The Self-Abnegation of the New Prohibitionists
“Change in a triceAlgernon Swinburne
The lilies and languors of virtue
For the raptures and roses of vice.”
Today’s political elite can truly be called the new prohibitionists. To paraphrase writer Anne Hingston, they “Restrict first, discuss never.”
Recent history, from the time of Prohibition in 1920s’ America, has demonstrated that attempts by the state to engage in social engineering are doomed to failure. People will always get what they want. And in so doing strengthen the so-called criminal elements among us. The only proper role for the state is to protect citizens from violence and from threats of, or incitement to, violence.
To those who would argue that the health costs of indulgence in tobacco, alcohol, and drugs are a strain on the health-care system, we would remind them that citizens who indulge in hedonistic pleasures pay enormous consumption taxes on the products they buy—eight times greater on average than “virtuous” citizens—most of which go to support the health-care system and environmental agencies. They also tend to die younger thereby being less of a burden on the chronic-care system. That is their choice. And the freedom to choose—even badly—is a foundational principle of a free society as Justice Louis Brandeis reminded us all.
When Canadian Prime Minister Pierre Elliott Trudeau said in 1968 that government has no place in the bedrooms of the nation—just before removing homosexuality from his nation’s Criminal Code—he meant that it had no role regulating actions of consenting adults. Not everything is going to be perfect in life. Not every problem can be solved by legislation. No politician should pretend it can and be allowed to put into force straight-jacket law that seeks to micro-manage every aspect of our lives.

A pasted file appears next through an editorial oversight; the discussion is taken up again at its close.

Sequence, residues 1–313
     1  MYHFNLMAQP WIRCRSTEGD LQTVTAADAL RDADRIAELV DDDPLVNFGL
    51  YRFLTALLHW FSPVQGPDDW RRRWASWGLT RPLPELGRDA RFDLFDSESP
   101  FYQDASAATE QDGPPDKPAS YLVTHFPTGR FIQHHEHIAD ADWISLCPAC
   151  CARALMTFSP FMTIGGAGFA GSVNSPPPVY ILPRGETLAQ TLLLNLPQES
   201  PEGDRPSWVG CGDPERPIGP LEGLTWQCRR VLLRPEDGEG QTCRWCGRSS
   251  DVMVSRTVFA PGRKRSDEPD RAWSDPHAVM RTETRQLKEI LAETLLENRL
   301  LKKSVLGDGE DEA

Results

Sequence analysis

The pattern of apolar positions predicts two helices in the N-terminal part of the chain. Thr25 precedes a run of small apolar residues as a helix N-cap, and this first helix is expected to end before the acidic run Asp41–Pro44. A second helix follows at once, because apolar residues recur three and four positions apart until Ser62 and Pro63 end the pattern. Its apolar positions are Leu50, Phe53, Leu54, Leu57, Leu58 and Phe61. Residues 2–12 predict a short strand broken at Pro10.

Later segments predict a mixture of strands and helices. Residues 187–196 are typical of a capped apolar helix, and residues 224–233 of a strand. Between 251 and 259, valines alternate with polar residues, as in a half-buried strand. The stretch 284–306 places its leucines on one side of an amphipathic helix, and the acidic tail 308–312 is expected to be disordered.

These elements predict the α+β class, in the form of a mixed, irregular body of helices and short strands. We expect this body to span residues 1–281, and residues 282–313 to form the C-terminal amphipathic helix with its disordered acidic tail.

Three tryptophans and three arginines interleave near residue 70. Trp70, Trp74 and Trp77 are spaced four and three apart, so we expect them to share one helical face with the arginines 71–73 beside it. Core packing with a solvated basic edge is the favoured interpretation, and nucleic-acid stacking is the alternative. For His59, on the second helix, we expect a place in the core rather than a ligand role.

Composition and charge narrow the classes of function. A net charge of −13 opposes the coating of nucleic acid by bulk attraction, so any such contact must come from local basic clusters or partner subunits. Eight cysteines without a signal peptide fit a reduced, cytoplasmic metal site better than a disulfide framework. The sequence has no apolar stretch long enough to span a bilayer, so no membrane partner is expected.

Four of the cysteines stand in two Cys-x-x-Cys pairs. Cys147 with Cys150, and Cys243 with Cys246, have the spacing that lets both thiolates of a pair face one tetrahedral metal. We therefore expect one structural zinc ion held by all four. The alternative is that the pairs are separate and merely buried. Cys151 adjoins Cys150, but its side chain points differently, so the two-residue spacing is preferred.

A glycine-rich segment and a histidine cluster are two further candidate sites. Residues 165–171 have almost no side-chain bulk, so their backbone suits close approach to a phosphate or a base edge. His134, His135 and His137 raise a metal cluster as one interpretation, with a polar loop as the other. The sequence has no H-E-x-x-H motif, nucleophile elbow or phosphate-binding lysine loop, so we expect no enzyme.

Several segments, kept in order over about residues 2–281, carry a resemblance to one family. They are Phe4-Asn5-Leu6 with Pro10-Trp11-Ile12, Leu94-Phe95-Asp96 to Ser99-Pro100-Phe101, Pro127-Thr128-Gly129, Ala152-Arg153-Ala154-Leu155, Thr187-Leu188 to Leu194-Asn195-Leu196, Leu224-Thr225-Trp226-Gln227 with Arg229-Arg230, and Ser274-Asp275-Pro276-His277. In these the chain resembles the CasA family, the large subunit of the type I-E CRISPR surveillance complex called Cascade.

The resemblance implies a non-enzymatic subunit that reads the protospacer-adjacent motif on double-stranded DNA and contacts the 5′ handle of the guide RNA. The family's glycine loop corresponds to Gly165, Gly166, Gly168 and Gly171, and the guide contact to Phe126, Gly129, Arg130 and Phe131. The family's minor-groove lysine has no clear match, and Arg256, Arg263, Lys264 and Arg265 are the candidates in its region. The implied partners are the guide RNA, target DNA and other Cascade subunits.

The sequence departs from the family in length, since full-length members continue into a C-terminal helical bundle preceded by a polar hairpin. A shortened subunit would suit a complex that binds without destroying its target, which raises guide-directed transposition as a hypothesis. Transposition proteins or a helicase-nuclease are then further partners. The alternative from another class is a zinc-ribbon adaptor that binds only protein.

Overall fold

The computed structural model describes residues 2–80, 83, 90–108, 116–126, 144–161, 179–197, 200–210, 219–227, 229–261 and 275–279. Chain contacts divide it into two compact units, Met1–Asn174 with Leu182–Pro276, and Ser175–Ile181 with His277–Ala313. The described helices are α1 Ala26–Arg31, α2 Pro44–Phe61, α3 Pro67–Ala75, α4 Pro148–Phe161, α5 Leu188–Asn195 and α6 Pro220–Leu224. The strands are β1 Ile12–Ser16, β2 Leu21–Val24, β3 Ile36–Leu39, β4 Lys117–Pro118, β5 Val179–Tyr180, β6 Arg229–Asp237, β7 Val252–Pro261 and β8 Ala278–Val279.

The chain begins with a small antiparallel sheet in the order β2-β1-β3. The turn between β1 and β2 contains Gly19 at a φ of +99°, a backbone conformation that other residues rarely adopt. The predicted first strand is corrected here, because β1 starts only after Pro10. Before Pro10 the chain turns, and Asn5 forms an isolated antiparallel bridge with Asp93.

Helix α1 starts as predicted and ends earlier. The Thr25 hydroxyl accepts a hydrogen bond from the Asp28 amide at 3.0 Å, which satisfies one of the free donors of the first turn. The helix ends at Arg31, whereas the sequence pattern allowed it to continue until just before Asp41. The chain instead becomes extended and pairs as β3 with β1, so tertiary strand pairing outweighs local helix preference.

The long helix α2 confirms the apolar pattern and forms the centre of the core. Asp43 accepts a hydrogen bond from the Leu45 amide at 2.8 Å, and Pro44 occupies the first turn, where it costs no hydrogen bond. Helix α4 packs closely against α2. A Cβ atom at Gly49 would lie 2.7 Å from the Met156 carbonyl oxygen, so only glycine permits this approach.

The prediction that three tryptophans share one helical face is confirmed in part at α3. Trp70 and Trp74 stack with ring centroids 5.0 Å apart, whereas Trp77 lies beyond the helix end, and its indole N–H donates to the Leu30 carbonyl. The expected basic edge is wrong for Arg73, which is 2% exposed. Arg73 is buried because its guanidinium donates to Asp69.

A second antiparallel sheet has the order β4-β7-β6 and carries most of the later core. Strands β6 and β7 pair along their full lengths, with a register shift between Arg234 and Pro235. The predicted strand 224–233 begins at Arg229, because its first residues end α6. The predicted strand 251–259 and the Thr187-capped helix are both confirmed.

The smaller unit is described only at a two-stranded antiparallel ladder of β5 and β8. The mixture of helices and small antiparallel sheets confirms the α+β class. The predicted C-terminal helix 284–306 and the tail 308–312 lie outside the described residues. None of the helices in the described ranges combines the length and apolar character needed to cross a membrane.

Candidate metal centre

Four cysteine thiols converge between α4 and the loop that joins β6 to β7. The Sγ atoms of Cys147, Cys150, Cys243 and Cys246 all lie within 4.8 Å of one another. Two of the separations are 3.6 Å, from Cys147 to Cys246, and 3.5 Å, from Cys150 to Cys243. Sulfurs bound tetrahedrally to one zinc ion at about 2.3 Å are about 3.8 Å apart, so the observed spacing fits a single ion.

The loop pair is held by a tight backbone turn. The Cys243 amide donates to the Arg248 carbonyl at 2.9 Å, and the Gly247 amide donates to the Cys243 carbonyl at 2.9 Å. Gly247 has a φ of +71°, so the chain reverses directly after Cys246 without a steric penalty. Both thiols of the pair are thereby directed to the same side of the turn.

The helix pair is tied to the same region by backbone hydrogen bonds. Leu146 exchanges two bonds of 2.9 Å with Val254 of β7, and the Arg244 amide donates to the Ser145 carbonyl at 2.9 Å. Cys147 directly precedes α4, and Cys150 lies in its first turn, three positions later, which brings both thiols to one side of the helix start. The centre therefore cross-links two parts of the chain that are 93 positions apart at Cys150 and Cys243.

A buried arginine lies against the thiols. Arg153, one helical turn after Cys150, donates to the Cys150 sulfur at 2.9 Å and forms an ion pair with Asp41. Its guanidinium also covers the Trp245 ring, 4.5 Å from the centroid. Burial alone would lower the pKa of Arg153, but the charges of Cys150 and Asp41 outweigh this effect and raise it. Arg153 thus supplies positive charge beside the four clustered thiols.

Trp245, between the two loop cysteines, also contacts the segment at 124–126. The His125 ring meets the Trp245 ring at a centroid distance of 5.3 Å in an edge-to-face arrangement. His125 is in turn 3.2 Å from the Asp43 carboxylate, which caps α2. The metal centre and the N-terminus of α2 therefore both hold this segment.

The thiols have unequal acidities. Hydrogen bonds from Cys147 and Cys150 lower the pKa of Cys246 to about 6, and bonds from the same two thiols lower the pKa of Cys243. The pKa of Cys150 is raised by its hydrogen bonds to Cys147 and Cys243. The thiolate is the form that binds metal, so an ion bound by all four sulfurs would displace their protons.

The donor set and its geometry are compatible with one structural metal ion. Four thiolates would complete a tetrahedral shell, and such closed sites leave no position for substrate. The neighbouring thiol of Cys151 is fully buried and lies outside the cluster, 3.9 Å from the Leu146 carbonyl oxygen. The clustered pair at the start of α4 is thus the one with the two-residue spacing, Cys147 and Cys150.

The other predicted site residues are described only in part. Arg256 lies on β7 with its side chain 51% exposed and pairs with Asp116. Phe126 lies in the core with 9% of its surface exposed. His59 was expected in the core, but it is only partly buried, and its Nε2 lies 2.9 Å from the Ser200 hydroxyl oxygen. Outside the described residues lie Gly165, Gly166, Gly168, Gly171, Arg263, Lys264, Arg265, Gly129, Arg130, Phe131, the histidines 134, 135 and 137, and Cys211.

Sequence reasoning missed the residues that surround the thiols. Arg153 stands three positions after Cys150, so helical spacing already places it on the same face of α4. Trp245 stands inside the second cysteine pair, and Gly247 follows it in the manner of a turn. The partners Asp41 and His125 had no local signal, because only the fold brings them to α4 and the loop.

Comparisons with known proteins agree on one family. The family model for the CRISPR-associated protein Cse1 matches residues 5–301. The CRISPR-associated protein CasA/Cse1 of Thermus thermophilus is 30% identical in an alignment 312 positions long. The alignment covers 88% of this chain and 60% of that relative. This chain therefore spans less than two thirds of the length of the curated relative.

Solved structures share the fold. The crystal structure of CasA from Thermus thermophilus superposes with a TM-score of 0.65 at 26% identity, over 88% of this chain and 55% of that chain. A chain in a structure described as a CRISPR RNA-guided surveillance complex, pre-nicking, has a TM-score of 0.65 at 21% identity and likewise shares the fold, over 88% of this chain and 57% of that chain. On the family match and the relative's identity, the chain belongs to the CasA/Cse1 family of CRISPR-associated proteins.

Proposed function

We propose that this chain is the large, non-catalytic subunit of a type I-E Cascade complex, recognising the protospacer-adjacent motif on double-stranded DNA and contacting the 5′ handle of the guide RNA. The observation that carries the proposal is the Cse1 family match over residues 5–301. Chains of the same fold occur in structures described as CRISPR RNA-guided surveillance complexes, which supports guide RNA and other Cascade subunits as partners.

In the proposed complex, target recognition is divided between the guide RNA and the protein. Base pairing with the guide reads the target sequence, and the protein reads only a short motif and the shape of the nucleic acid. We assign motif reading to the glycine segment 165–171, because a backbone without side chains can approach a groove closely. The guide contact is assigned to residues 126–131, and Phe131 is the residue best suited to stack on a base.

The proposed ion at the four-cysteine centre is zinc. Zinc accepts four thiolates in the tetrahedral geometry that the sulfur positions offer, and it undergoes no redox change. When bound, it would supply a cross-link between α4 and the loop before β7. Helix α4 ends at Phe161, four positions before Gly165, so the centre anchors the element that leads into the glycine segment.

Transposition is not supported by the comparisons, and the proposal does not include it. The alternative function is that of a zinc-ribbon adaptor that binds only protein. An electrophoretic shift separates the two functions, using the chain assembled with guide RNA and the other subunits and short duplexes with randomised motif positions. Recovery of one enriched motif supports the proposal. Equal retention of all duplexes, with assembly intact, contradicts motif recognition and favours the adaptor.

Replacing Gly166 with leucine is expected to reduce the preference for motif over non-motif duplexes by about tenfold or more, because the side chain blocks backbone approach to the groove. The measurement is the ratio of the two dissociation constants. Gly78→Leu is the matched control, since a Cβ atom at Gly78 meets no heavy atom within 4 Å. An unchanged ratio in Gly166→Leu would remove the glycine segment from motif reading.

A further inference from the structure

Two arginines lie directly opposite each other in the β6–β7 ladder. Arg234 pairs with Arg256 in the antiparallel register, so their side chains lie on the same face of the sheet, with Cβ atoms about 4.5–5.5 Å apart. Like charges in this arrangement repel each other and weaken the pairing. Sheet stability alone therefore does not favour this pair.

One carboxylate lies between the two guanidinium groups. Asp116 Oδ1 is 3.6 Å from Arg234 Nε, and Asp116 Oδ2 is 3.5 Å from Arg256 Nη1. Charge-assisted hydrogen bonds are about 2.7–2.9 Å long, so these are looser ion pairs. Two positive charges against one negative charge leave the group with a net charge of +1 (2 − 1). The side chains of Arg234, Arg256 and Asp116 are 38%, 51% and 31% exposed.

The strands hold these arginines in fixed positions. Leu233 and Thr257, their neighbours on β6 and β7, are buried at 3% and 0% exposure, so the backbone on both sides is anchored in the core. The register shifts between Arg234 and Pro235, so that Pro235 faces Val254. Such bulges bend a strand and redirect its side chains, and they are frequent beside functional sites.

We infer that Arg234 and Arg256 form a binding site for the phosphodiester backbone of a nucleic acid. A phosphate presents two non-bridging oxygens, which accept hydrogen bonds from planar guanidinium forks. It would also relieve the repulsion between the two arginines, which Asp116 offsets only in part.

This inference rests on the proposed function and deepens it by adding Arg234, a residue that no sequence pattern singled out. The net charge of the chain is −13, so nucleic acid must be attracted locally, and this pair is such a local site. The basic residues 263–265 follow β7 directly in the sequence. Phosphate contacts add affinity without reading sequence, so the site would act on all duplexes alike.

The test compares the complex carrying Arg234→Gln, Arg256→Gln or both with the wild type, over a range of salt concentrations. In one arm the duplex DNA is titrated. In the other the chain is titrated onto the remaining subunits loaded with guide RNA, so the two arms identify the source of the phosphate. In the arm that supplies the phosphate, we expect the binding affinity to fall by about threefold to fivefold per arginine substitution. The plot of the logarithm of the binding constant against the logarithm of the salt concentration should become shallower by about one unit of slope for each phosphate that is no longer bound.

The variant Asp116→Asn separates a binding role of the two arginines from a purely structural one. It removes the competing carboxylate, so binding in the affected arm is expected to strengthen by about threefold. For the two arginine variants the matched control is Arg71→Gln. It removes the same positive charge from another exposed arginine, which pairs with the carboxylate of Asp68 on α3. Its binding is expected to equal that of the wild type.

Those who try should be exposed for what they truly are. Unimaginative and cowardly functionaries staggering from election to election who—fearful of tackling the vested interests on the really important issues necessary to protect the public good—hope that creating some body of fear will provide just enough fodder for some publicity come election time. As Tacitus wrote, “When the state is most impotent, the laws are most multiplied.”
Some governments make noises about decriminalizing marijuana, but at the same time propose to give police unlimited powers to stop drivers for random drug checks in their cars. Others, in an effort to placate women’s rights groups, legislate laws permitting workers to sue employers for the novel tort of “psychological harassment.” A politician’s friend dies in an inline-skating accident so everyone is quickly forced to wear a helmet if they take a bicycle or scooter. His colleague wants teens to stay in school so he orders them not to drop out till age 18, no matter how little they want to be in class and no matter what their parents think. A big city mayor authorizes police cameras at street level in his city’s university quarter ostensibly to curtail drug sales, but that in fact violate the privacy of all citizens by indiscriminately capturing images of the activities of all passersby.
What the new prohibitionists share is an anti-liberal sentiment in that they seek to curtail the basic liberties of natural law that is the patrimony of every human being. They get away with it because too many of us have surrendered to the sovereignty of self-abnegation. We have become a people plagued by a self-doubt driven by a jealousy of others’ self-belief. And in the process have created a self-imposed tyranny that mutes individual integrity and conscience and trades them for the false security demanded by state-sponsored bureaucratic consensus.
Modigliani’s painting, Dylan Thomas’ poetry, Hemingway’s novels, and even Tom Paine’s polemics would be lost to the ages if they had to survive on alfalfa sprouts and vitamins and succumb to political correctness and temperance. Our lives would be the worse for it, devoid of passion or purpose.
Government’s role must be one of persuasion and education, not compulsion and coercion, no matter how odious a citizen’s personal habit may be. The dark side of our governors is that they engage in unbridled intervention in matters of private domain to punish the governed into virtuous conduct. But legislators don’t know what’s right for us. They barely know what’s right for themselves. The role of the state is to protect us from each other, not from ourselves.
As Benjamin Franklin once wrote, “Those who would trade permanent liberty for temporary security shall, in the end, have neither liberty nor security.”
Image credit: From “The Libertine,” Johnny Depp as John Wilmot, 2nd Earl of Rochester, a licentious poet in the court of King Charles II of England.